Local Politics

Dole, Hagan race across state in final day of campaign

Posted November 3, 2008 4:01 a.m. EST
Updated November 3, 2008 7:37 p.m. EST

— U.S. Sen. Elizabeth Dole and Democratic challenger Kay Hagan entered the last full day of campaigning Monday, moving throughout the state in an effort to secure a victory on Election Day.

Dole scheduled seven stops on an airplane flight around the state Monday, beginning and ending in Charlotte at a middle-school rally with Republican gubernatorial candidate Mayor Pat McCrory.

Meanwhile, Hagan, a state senator from Greensboro, met with voters at several morning events in Wilmington, New Bern and Goldsboro before heading to Charlotte to join Democratic presidential candidate Sen. Barack Obama.

Both candidates remained confident despite poll numbers last week that put the two candidates in a tight race.

A WRAL News poll released Wednesday showed Dole holds a 46 to 42 percent lead, with 9 percent of voters still undecided. A Rasmeusen poll showed Hagan has a 52 to 46 percent lead. And a third poll by The Associated Press-Gfk showed Hagan slightly ahead of Dole.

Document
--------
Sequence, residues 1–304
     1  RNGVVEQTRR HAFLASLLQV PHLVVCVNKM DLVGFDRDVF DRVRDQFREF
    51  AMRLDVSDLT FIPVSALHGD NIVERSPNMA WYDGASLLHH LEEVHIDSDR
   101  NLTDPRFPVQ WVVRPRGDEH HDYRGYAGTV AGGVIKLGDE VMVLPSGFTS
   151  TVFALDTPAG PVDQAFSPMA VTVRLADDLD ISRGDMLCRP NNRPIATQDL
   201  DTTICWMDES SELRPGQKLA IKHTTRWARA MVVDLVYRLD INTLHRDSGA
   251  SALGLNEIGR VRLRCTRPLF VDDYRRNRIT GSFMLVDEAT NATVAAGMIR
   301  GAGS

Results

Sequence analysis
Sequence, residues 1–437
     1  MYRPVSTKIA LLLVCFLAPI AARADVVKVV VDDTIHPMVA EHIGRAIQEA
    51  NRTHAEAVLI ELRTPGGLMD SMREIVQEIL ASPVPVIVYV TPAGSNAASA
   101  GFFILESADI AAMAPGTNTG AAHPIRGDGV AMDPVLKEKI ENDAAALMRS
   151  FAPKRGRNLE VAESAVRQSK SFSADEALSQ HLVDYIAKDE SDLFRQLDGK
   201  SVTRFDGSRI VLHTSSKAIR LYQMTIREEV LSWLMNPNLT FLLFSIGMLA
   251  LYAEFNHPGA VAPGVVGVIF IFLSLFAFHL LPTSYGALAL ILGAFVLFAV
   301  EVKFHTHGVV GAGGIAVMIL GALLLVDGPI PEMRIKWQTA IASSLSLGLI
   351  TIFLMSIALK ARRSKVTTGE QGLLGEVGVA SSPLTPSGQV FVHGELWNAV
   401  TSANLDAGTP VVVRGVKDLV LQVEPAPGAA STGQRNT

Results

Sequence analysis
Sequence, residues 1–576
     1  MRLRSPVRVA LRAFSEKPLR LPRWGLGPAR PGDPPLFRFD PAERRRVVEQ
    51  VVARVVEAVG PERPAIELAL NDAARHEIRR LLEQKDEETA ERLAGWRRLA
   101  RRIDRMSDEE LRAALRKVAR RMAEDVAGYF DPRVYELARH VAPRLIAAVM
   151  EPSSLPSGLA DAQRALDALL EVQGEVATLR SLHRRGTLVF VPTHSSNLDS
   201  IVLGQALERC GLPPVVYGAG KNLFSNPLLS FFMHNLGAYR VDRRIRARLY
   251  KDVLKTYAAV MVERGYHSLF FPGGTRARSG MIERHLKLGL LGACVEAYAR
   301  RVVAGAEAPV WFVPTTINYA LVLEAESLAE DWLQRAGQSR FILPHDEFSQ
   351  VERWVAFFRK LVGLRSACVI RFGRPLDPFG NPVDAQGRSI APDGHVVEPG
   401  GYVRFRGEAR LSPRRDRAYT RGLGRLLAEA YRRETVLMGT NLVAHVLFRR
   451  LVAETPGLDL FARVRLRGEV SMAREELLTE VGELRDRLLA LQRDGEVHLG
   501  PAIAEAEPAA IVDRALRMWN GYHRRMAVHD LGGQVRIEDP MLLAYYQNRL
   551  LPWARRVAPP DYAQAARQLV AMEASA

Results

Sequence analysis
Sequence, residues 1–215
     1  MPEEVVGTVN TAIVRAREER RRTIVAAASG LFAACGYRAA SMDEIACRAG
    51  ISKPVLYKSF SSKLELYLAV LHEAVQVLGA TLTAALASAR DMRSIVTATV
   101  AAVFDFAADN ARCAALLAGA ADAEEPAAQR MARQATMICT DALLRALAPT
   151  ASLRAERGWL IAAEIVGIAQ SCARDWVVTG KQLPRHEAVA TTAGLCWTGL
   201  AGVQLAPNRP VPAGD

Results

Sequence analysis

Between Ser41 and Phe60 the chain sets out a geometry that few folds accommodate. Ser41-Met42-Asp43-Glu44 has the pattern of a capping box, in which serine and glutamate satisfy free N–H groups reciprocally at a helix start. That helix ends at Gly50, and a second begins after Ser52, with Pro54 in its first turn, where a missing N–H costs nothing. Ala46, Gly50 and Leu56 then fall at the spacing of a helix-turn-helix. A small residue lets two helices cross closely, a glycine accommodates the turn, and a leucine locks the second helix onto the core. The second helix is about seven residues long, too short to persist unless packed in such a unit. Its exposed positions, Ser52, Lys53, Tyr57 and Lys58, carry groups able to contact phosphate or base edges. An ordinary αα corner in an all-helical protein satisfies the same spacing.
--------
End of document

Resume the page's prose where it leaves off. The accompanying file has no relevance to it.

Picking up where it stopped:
But Hagan, a state senator from Greensboro, said "the biggest poll" comes Tuesday night, and she expects to to talk with voters about the issues with 20 scheduled stops at voting sites across the state Tuesday.

"I'm ready to go to Washington to represent the people of North Carolina," Hagan said at a stop at Wilber's Barbecue in Goldsboro Monday.

The one-term Republican Dole is trying to avoid getting swept up in a potential Democratic string of Senate victories on Tuesday.

Hagan has said Dole is too closely aligned with President Bush and has sided with special interests during her six years on Capitol Hill.

At a stop at Raleigh-Durham International Airport Monday, Dole focused her priorities for the state, which include a strong economy, low taxes, funded roads and bridges and immigration.

She has also accused Hagan of being wobbly on the most important issues of the day, including Iraq and the banking bailout.

Dole said if Hagan is elected "she'll be Harry Reid's pocket as soon as she gets there," a reference to the Democratic Senate majority leader.

She has also questioned ties that she said Hagan has to Godless Americans Political Action Committee, because she went to a fundraiser at the home of a Boston man who serves as an adviser to the atheist advocacy group.

Last week, Hagan sued Dole over an ad questioning why she went to the event. Hagan accuses her of defamation and libel and says the spot is an attack on her Christian faith.

Dole said Monday she has no request about the ad and has said it doesn't question Hagan's faith, only her agenda and associations.

The event was not billed as a Godless Americans event, and other hosts included an ambassador and Massachusetts Sen. John Kerry, the 2004 Democratic presidential nominee.